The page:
Google Stadia now works on any Chromecast Ultra after firmware update

JC Torres - Dec 18, 2019, 7:11 pm CST
2
Google Stadia now works on any Chromecast Ultra after firmware update

There are still many who doubt the long-term viability of Google’s game streaming service but it’s hard to deny that, at least for now, Stadia is the talk of the gaming town (right next to the Xbox Series X). Part of its appeal is the promise of being able to play graphics-intensive AAA games on almost any device but it really proves that point with the Chromecast Ultra, the primary and blessed Stadia “console”. It was, to some extent, a rather cunning strategy to sell more Chromecast Ultras through the Founders’ Edition but now Google has opened the doors for any ordinary Chromecast Ultra to finally be Stadia-ready.

As previously theorized and confirmed by Google itself, there is no hardware difference between the Stadia Founders Edition Chromecast Ultra and the circular HDMI streaming dongles Google launched years ago. Both support 4K output, even if some Stadia games don’t deliver that, and HDR. They apparently also tend to get pretty warm with prolonged intense use, something which some Stadia gamers have loudly complained about.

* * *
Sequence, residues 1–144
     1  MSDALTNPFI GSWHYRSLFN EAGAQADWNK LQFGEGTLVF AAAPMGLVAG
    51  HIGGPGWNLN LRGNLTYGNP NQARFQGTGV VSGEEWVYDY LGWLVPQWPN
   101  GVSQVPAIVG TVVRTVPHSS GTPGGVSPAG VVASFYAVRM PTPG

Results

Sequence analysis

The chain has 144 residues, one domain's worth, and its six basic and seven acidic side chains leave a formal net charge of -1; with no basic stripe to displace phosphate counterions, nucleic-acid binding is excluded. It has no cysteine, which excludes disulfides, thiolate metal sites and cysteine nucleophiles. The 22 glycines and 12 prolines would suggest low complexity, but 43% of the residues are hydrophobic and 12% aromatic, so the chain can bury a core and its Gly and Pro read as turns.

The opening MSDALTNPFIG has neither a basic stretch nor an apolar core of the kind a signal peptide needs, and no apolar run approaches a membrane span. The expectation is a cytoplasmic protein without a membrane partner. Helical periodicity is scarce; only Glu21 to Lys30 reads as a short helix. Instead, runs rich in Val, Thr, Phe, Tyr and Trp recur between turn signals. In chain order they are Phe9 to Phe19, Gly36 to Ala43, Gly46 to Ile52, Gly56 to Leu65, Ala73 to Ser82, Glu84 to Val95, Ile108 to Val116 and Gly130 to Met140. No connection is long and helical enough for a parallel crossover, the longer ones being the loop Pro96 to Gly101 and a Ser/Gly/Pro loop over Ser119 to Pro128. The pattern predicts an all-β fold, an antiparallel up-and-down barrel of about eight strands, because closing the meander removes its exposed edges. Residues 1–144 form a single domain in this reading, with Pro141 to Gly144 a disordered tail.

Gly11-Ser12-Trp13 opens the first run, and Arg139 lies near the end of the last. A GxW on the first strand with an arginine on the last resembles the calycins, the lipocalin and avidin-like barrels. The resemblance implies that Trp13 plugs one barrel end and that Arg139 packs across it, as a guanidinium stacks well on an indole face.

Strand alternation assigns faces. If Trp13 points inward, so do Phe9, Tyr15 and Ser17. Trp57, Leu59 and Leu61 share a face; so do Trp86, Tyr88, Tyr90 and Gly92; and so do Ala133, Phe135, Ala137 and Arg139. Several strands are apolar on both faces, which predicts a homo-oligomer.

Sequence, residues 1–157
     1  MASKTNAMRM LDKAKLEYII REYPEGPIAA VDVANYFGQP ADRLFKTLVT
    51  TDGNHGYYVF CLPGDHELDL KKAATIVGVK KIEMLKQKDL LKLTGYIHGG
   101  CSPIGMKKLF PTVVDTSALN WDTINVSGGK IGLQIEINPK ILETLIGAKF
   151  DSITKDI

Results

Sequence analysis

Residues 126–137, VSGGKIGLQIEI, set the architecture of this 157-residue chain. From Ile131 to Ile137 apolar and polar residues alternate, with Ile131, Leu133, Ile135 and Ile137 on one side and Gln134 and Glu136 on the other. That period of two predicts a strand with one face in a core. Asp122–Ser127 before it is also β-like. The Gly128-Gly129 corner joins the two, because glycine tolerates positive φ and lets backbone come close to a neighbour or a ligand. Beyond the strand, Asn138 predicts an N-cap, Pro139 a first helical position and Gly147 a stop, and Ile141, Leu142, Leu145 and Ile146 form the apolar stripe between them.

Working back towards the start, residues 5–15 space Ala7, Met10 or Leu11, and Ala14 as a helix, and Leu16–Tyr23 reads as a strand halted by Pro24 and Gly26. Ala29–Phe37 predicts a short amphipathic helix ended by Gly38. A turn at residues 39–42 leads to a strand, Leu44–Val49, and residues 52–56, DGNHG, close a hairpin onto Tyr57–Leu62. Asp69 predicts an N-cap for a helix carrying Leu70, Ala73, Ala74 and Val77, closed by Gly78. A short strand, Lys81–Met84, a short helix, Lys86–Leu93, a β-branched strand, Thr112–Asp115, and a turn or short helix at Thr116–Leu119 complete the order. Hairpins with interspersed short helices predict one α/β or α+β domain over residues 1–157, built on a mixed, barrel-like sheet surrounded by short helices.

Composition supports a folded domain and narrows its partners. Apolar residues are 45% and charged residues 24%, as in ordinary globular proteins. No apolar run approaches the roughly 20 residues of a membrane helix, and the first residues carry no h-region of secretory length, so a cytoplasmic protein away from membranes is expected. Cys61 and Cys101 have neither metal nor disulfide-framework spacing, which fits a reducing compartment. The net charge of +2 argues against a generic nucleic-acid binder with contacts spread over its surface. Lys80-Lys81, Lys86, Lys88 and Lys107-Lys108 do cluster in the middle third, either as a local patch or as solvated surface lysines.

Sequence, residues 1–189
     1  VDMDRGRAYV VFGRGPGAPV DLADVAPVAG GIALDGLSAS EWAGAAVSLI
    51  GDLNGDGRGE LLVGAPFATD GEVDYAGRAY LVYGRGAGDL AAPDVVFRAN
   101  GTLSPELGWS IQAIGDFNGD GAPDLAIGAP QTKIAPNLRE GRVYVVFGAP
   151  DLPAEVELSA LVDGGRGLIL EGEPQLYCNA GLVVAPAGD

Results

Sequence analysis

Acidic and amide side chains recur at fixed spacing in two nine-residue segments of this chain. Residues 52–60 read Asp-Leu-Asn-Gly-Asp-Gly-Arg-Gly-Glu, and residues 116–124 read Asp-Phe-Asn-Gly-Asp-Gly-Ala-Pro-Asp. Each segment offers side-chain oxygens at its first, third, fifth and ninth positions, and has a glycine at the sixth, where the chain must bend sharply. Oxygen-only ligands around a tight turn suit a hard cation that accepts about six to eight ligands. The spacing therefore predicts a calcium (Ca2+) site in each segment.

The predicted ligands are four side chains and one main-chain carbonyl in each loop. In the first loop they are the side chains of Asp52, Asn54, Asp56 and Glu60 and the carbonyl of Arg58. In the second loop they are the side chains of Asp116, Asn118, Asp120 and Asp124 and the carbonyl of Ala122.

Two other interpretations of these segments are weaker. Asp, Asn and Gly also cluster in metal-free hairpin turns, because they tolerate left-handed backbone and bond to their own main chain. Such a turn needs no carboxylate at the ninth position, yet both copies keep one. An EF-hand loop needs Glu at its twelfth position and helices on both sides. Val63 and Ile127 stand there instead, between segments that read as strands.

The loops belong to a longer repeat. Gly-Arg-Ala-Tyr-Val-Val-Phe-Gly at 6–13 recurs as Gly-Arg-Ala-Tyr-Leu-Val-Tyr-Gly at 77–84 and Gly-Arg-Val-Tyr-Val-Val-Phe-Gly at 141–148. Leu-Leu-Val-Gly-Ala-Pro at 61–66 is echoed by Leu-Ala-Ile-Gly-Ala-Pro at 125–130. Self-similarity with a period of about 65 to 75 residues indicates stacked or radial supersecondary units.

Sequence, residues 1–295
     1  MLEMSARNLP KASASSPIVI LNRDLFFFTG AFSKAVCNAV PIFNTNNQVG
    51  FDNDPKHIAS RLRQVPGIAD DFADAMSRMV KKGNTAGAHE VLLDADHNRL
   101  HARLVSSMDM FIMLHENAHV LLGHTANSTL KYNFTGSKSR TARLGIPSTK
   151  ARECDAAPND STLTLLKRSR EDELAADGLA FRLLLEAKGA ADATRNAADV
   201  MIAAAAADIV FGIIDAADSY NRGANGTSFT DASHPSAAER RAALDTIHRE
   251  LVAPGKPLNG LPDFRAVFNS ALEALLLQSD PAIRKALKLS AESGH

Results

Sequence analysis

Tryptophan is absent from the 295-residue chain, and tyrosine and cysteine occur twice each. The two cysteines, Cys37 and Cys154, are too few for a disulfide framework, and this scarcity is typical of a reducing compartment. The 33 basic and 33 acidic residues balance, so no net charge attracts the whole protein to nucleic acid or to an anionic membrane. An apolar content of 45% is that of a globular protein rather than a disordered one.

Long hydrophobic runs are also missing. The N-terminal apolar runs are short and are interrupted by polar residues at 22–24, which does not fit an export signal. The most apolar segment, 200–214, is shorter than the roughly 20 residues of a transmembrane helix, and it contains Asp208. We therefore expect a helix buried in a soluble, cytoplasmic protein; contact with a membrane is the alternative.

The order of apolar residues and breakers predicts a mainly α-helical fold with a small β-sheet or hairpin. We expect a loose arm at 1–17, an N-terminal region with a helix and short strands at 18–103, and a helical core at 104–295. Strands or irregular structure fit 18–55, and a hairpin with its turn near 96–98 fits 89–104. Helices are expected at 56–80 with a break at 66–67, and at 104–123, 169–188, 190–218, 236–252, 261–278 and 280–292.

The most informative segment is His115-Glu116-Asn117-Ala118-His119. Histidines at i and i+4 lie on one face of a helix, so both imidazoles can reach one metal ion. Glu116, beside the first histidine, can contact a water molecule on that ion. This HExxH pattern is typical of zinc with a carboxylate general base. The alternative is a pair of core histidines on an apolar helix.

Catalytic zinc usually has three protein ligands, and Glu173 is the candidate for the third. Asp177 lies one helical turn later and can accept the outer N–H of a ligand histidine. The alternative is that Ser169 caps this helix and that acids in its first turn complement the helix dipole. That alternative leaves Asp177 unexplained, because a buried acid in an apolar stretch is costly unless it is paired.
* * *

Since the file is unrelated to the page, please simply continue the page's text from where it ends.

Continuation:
The difference, then, lies in the software that runs on the Stadia Chromecast Ultra that enables specific gaming functionality and performance tweaks. It was a version of the software that Google said wasn’t yet ready for the Chromecast Ultra. It was perhaps also a way to make the Founders and Premiere Editions have exclusivity for a short period.

Now that exclusivity is finally over and Google is pushing out an update that will make any Chromecast Ultra run Google Stadia. Of course, that only matters if you already have a Stadia account anyway, perhaps through a Buddy Pass from a Founder. You’ll also need a controller, of course, and the official Stadia Controller is available on its own for $69.

The addition of regular Chromecast Ultras to the compatibility list could help increase Stadia use which, in turn, could further help stress test Google’s servers and connections. There have been a few complaints about the latency in performance despite Google’s promises. And that despite Stadia being available to only a small number of subscribers.


Must Read Bits & Bytes